Silk Nuno Felt Scarves

Silk Nuno Felt Scarves by Minaz Jantz

Nuno felt is a textile combining roving wool and gauze-like silk with the method of rolling and wetting until the wool fibers felt into the silk fabric creating a flexible textile that has a luxurious surface. 

Living Felt Supply order has arrived.

I order my supplies online with Living Felt Supply
Roving wool, silk scarves, silk hankies, water sprayer.

In the last couple of years, I have been intrigued by the qualities of wool not just for knitting but to take it to the shrinking stages called FELTING. The type of wool used is called roving which is fluffy balls of 100% wool. 

The 'roving' wool is a versatile fiber that is creatively used in various methods and purposes. Wet felted roving wool can be made into useful textiles for warm clothing, and shoes, and was historically invented to make Mongolian fabric for dwellings, etc. 

Roving wool can be useful to decorate surfaces like 'wool paint' with either wet felting or needle felting techniques. I also have enjoyed the process of using roving wool-like clay to be molded into  3D sculptures & vessels. 

Read more about how I have used various felting methods.
Knit fingerless gloves & hat with felting applique.
Felted Chandelier.
Folk Art Pillows
Folk Art Pillows Collection #3

My kitchen counter is perfect size for Nuno felting scarves.

My kitchen counter is a perfect size for Nuno felting scarves.

These two scarves were my first Nuno Felt experience. The Nuno felting technique was invented in 1992 by Polly Stirling from South Wales, Australia. Watch the video below to hear Polly speak of the beginnings of Nuno felting. Nuno is a Japanese word meaning cloth.  The technique uses roving wool, hot and cold water with the method of wet rolling to mesh the wool fibers into the loose weave of silk to combine as one textile. 

I watched a lot of Nuno felting artists before I jumped on board to give this technique a try. Below is a video of Joan Cornell, a felting artist who demonstrates how-to Nuno felt a very large wrap. To make felt is to start much larger than the intended final-sized project.

Blue Wildflowers Silk Nuno scarf by Minaz Jantz

Getting ready I had to clear away my kitchen counter and dig out of the closet some big towels to soak up the excess spillage of water. I can say it was an adventure into the wet woolly abyss! Uncertain what I was doing, the first scarf took me many hours, and didn't finish it until late in the evening.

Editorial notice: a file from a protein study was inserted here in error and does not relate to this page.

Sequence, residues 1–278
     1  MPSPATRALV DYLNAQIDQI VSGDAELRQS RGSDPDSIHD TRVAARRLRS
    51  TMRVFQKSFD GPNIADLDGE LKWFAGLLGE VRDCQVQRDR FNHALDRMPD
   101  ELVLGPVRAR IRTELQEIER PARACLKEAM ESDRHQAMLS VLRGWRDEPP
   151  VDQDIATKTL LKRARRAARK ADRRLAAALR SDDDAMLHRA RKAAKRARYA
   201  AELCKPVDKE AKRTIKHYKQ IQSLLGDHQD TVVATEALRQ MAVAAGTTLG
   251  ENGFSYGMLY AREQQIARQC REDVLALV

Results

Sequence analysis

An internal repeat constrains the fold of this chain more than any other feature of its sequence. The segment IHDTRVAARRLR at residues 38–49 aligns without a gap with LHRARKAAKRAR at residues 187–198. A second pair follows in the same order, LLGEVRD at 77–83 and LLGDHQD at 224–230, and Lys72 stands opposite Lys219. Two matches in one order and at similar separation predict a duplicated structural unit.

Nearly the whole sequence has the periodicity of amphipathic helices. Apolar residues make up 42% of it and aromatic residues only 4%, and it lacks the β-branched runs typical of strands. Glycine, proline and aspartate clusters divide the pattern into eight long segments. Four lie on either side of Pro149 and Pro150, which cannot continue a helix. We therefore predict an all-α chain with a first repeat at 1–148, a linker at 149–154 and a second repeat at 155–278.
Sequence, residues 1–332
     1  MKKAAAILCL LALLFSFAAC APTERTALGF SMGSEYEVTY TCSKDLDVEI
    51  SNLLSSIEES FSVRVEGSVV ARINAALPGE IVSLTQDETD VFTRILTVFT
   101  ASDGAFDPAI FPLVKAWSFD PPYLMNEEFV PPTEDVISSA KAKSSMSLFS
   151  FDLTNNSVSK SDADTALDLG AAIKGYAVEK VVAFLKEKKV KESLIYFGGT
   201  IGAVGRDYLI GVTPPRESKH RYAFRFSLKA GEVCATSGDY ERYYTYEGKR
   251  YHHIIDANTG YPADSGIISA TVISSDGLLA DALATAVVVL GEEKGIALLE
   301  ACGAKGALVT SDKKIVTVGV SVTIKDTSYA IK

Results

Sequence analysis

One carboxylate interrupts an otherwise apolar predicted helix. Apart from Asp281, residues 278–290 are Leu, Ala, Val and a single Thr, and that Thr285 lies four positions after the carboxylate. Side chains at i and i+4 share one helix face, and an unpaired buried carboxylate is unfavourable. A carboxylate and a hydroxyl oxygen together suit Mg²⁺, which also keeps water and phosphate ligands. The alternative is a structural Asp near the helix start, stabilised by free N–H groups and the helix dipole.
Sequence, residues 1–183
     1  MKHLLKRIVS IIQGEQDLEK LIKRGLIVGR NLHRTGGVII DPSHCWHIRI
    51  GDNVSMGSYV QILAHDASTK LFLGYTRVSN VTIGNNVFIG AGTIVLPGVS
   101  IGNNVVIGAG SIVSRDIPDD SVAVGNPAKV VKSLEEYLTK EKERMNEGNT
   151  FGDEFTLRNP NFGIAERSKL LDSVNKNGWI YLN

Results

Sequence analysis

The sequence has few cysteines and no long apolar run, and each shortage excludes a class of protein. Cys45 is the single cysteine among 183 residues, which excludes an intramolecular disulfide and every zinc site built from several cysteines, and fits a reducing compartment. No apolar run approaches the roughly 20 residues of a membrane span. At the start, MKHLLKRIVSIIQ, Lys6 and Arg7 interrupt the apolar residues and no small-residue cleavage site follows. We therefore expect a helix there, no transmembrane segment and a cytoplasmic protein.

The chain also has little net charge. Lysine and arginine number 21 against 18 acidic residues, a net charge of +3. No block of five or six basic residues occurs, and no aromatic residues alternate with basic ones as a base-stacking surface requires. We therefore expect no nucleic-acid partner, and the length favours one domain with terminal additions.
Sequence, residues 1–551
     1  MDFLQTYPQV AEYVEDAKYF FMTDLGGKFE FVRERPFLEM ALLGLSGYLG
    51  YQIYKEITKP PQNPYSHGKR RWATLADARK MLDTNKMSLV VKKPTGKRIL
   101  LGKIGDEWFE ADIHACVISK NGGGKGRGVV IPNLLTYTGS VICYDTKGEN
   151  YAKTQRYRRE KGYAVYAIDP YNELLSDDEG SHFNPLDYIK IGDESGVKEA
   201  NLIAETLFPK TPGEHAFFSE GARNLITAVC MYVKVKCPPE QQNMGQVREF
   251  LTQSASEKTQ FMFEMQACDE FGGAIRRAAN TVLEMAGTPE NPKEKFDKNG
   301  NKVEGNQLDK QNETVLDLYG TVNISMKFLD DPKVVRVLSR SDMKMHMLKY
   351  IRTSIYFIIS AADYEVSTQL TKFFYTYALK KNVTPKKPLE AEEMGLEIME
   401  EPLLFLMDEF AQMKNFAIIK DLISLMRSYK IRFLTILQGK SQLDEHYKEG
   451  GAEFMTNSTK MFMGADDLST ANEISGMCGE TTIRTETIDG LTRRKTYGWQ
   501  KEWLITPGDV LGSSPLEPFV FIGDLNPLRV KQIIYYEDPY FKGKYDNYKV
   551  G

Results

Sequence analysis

Blue Wildflowers felting detail.

I had purchased specialized roving wool that has fine silk fibers embedded into the bundles. It brings exciting texture and shines in the design. I also added into the design some lines of navy blue wool scraps leftover from ripping out a sweater. The squiggly wool reminisces like a rick-rack which adds rhythm to the floral design. 

Blue Wildflowers felting detail stripes.

To ensure the rick-rack-like blue yarn stays stuck on the silk surface, I layered roving wool underneath and layered bits of roving yarn over top to hold the blue yarn in place. Some small blue bits did come off the ruffle edges but that is OK for the design to be random. To get the ruffle edges of the scarf, I laid out roving wool past the silk fabric rubbing with my soapy hands to feel it to itself and to the silk.

Fringe and design detail of Blue Wildflowers silk scarf.

Took me half a day into the late part of the evening with lots of water dripping everywhere, to finally finish my first Nuno Scarf. The next day to finish the scarf I turned on the iron to low to smooth out the design.  Voila, my first Nuno felting is DONE, and onto the next!

Cherry Blossom Silk Nuno Felt Scarf by Minaz Jantz

Looking at the youthful pink silk scarf I thought of springtime in Vancouver BC and the abundance of cherry tree blossoms that I miss out on since moving to Nova Scotia.  I decided that this scarf was going to have the felted design only along the lower edges. 

Cherry Blossom Nuno scarf details.

For the large blossom, I preshaped the petals in my hand and then laid them onto the silk. Also, I wanted to try out some black sari scraps to create detail for the center of the flowers and the leaf-like edging. I just had to add a little bit of embroidery detail to the edge of the blossoms. This was a gift for my sister and time was running out so had to wrap it up with the hope she likes it!

A Nuno Felted gift for my sister!

The Cherry Blossom Nuno felted scarf drapes easily around the neck and can be worn casually with a basic T-shirt or get dressed up with her going to town outfit!

Looking forward to the next Nuno Felting project!

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